Communal Restaurant
102 North University Avenue
Provo, UT 84601
Brunch
Sat. 9 a.m. – 2 p.m.
Lunch
Tues. – Fri.
11:30 a.m. – 2:30 p.m.
Dinner
Tues. – Sat. 5 p.m. – 10 p.m.
Closed Sunday – Monday
T. 801.373.8000
communalrestaurant.com

The last stop on this journey was Communal Restaurant, which many people consider to be a true pioneer of the Utah County food scene. As the name would suggest, diners join one another at a large wooden table, and the food is prepared in portions that are big enough to share. All of the ingredients are acquired locally, and it communicates a strong sense of what Utah is capable of as a producer of food. Communal is part of the Heirloom Restaurant Group, a collection of local restaurants and caterers of which Orem’s Pizzeria 712 is a member. Colton Soelberg is the man behind this local collective, running the show with co-owner and director of catering, Joseph McRae, and it’s evident that he’s passionate about treating his diners to an excellent experience. “You have a finite amount of bites in this life, and each bite is one less that you’re going to be able to experience. We’re committed to making those bites the best they can be,” Soelberg says.

Soelberg grew up in Provo, and after working in restaurants all over the country, he decided to bring his culinary expertise back home. “After seeing some of the more unique restaurants in New York and San Francisco, I realized that Utah County didn’t really have anything like that. It was like a blank slate,” says Soelberg.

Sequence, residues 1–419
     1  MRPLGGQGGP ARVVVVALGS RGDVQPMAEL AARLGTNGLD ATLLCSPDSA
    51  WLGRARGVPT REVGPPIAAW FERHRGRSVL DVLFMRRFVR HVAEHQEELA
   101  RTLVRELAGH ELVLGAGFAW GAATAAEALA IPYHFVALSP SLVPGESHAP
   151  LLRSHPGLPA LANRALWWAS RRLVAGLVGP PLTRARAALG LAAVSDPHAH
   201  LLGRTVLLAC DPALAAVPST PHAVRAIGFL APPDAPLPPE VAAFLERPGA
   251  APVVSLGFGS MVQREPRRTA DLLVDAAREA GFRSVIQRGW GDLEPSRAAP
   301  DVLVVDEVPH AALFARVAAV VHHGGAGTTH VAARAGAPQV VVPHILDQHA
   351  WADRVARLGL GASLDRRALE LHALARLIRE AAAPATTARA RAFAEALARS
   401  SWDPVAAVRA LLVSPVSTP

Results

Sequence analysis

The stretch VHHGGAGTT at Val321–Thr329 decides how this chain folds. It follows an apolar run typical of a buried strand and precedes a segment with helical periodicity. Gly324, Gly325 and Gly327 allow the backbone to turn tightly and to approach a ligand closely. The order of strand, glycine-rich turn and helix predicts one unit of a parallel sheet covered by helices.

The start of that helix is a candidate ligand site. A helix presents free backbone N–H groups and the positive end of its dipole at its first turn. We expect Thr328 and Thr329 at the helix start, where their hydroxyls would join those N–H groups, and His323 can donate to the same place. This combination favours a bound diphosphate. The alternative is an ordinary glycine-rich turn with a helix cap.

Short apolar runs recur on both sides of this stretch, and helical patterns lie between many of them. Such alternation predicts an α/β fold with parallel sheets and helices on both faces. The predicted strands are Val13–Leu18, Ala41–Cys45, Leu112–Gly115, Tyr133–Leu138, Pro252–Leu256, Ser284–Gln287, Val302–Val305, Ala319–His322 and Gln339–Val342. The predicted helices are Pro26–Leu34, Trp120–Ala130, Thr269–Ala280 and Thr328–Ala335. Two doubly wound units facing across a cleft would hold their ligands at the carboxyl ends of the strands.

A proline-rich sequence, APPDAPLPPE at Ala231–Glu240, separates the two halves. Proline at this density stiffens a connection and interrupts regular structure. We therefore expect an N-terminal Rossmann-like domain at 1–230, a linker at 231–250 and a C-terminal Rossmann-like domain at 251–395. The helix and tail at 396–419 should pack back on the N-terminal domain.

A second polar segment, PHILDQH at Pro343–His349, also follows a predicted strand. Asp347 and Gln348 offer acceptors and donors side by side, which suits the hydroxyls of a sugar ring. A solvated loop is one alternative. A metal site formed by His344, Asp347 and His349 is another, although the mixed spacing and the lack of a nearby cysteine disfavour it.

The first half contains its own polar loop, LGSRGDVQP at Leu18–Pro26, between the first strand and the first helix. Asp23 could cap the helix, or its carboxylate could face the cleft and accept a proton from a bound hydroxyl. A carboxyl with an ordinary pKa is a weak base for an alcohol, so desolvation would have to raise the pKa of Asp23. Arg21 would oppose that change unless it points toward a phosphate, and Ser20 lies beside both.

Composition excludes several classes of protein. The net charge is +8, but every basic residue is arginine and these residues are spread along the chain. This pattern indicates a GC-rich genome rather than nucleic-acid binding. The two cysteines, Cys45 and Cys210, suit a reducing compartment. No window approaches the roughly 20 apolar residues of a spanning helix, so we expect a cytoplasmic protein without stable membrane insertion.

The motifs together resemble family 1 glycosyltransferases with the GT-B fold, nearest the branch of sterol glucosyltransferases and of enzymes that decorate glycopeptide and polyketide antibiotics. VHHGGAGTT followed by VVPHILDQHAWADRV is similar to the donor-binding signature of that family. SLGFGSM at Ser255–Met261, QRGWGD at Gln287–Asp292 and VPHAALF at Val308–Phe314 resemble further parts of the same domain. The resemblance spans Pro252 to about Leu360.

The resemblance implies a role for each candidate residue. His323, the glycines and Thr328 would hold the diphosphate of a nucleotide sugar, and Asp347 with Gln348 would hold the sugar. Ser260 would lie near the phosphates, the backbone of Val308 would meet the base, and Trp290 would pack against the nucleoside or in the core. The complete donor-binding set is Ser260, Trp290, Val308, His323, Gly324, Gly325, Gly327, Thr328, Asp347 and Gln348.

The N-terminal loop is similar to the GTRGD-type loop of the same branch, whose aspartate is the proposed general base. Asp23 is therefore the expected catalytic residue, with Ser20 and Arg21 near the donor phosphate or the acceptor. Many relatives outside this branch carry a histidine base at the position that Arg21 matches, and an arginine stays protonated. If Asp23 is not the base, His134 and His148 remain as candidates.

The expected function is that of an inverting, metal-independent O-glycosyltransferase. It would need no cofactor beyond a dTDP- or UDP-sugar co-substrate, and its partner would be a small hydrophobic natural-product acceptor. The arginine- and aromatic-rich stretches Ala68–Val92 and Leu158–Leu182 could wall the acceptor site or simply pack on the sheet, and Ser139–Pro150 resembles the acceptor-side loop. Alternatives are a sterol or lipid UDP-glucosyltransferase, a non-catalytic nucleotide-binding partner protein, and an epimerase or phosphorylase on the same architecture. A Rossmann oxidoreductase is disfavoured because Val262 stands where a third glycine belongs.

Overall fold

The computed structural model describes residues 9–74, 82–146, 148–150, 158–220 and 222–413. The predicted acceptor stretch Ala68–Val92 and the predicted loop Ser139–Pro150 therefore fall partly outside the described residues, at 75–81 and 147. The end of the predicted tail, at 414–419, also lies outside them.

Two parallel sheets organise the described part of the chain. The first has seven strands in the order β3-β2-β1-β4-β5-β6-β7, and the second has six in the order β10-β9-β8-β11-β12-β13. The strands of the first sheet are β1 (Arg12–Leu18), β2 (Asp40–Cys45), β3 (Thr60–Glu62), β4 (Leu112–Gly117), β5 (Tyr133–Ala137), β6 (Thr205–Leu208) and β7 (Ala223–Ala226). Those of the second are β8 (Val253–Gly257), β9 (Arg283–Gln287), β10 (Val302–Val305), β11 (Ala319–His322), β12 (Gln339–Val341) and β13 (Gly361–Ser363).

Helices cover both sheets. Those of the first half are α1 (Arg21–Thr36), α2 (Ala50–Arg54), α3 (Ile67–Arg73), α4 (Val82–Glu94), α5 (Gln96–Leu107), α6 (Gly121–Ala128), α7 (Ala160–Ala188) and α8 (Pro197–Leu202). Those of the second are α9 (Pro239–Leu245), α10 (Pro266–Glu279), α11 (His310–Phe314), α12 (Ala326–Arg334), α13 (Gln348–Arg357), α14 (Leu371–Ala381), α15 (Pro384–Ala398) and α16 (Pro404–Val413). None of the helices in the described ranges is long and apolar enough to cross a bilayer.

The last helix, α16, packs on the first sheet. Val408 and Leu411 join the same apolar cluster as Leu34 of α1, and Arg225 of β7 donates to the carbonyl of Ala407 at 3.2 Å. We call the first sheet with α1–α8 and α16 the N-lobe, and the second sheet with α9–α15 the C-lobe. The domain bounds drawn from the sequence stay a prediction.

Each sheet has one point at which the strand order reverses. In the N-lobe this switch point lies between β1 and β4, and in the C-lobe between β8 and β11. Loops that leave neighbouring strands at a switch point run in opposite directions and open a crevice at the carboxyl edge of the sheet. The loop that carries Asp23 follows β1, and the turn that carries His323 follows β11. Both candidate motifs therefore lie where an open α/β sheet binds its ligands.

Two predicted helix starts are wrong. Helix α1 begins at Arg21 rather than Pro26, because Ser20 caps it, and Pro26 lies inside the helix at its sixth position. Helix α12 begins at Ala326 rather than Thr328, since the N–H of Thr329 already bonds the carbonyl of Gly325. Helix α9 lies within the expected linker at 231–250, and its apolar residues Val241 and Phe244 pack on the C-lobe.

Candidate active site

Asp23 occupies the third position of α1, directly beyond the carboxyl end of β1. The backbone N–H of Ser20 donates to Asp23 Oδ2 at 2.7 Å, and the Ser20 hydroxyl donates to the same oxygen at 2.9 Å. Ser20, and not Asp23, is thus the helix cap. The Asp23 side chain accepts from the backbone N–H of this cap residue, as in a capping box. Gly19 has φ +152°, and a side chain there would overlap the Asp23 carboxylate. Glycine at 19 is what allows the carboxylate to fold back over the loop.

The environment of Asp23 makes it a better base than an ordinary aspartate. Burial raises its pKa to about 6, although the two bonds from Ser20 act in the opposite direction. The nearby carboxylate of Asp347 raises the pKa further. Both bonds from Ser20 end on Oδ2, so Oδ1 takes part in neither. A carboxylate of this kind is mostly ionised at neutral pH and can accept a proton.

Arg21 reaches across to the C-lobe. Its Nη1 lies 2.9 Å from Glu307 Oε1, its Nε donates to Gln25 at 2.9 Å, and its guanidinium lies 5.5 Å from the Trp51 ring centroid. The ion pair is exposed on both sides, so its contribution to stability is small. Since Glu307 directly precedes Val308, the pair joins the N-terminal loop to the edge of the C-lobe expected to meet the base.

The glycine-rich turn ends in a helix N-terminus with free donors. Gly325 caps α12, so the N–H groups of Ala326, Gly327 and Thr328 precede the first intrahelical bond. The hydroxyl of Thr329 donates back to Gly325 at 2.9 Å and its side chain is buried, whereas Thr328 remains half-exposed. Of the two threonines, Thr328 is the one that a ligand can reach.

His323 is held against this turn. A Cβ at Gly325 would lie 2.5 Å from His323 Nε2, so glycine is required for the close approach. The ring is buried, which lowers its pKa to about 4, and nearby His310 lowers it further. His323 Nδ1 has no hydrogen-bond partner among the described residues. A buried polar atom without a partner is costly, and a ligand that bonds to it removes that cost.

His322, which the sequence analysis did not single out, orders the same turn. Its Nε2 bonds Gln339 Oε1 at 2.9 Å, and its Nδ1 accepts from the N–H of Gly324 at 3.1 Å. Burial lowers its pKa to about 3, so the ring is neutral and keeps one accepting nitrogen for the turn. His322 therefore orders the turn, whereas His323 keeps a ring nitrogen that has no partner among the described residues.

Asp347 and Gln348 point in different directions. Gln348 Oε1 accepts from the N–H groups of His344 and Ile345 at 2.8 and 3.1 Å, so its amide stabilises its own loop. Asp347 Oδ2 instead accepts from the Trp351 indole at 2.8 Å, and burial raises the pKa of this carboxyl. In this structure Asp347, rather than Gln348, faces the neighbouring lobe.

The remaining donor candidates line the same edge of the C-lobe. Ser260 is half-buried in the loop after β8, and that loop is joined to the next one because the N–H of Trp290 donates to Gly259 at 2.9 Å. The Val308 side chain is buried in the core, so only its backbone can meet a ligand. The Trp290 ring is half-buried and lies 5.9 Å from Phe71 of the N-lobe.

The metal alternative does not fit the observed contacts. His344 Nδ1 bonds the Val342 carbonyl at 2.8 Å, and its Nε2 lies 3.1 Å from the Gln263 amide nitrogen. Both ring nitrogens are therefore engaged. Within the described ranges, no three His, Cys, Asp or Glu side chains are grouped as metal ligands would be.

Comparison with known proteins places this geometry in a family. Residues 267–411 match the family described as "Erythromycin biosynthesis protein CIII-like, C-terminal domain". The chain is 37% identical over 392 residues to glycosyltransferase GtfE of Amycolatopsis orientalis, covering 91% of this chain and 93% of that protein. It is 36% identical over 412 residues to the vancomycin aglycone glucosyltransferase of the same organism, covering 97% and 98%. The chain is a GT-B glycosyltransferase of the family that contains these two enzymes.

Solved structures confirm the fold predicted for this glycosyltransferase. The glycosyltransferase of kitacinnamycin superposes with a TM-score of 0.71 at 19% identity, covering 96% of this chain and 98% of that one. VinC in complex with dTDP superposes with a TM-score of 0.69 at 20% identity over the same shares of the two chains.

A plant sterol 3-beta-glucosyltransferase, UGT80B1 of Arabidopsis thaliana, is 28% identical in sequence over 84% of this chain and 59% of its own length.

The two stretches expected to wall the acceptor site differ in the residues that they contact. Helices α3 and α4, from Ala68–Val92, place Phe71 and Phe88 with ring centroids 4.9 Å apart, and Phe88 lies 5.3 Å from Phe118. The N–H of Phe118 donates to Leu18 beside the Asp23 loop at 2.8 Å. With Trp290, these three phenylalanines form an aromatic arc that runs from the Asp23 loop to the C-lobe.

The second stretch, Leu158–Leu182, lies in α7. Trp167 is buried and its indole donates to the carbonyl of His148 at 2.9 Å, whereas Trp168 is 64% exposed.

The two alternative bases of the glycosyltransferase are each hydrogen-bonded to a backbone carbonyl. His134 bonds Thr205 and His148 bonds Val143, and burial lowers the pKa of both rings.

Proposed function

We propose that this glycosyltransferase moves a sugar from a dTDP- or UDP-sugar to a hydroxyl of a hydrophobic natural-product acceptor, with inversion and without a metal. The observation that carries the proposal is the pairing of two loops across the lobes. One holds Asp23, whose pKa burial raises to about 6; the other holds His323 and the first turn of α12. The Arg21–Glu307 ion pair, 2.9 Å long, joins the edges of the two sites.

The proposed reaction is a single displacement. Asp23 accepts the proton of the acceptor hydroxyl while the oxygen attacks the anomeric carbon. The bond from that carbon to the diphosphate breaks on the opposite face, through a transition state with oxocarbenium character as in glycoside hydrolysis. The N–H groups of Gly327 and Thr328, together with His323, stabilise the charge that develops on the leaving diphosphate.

From a culinary point of view, Communal is all about crafting sophisticated yet comforting dishes from the best seasonal ingredients that Utah has to offer. When dining at Communal, it’s a good idea to start with some of their menu’s Small Shares. The La Ney Ferme Beets ($8.00) and the Mixed Radish Salad ($12.00) are both cool and refreshing. The beets are cooked to an al dente consistency, and each one packs a surprising pop of sweetness. In contrast, the Mixed Radish Salad is pleasantly crunchy and the lemongrass dressing adds an acidic tone that complements the fresh radishes nicely. I also couldn’t pass up their Deviled Farm Eggs ($2.00 per egg). Their preparation varies from night to night, and I liked the two options that I tried. One of them was prepared with crispy bacon, and the other was adorned with a slice of smoked salmon. They were delicious, but two bucks is a bit steep considering their dainty size. As an entrée, the Koosharem Valley Steelhead Trout (half portion $13.00; full portion $24.00) is excellent. It’s cooked in a glorious mixture of brown butter, lemon and capers, which emphasize the trout’s natural flavor. It’s rich, flaky and best of all, it tastes like it came from Utah’s own waters.

Both Soelberg and the staff of Communal are dedicated to a professionalism that comes through in their food. I had a few minutes to watch sous chef Vance Lott prepare the night’s orders. Despite preparing food for dozens of guests, he remained enthusiastic about the work that he and his colleagues do at Communal. Soelberg says, “We’re dedicated to commitment and consistency, no matter what. It’s making that decision to spend two hours cleaning the kitchen after closing, even though you’ve just been slammed by the Friday night dinner crowd.”

In addition to serving great food, these three restaurants have come to represent a movement to bring more local flair to Utah County. Whenever local businesses can cause people to reinvest in their community, that community inevitably becomes stronger. If the occasion to visit downtown Provo ever comes your way, it’s worth it to stop by any of these three fine establishments for a memorable culinary experience.